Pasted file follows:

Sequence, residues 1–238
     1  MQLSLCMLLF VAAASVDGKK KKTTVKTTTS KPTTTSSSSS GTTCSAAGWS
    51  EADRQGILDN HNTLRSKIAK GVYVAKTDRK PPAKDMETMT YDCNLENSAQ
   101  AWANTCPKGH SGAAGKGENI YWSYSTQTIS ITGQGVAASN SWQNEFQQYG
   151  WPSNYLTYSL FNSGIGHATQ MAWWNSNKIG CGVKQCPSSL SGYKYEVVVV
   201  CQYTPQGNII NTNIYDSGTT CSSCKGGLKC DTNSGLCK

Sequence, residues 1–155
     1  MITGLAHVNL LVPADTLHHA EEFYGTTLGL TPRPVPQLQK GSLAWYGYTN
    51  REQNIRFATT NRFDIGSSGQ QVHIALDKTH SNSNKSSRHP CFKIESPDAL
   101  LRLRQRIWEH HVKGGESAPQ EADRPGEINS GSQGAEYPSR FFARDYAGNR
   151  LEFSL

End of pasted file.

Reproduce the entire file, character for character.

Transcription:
Sequence, residues 1–238
     1  MQLSLCMLLF VAAASVDGKK KKTTVKTTTS KPTTTSSSSS GTTCSAAGWS
    51  EADRQGILDN HNTLRSKIAK GVYVAKTDRK PPAKDMETMT YDCNLENSAQ
   101  AWANTCPKGH SGAAGKGENI YWSYSTQTIS ITGQGVAASN SWQNEFQQYG
   151  WPSNYLTYSL FNSGIGHATQ MAWWNSNKIG CGVKQCPSSL SGYKYEVVVV
   201  CQYTPQGNII NTNIYDSGTT CSSCKGGLKC DTNSGLCK

Sequence, residues 1–155
     1  MITGLAHVNL LVPADTLHHA EEFYGTTLGL TPRPVPQLQK GSLAWYGYTN
    51  REQNIRFATT NRFDIGSSGQ QVHIALDKTH SNSNKSSRHP CFKIESPDAL
   101  LRLRQRIWEH HVKGGESAPQ EADRPGEINS GSQGAEYPSR FFARDYAGNR
   151  LEFSL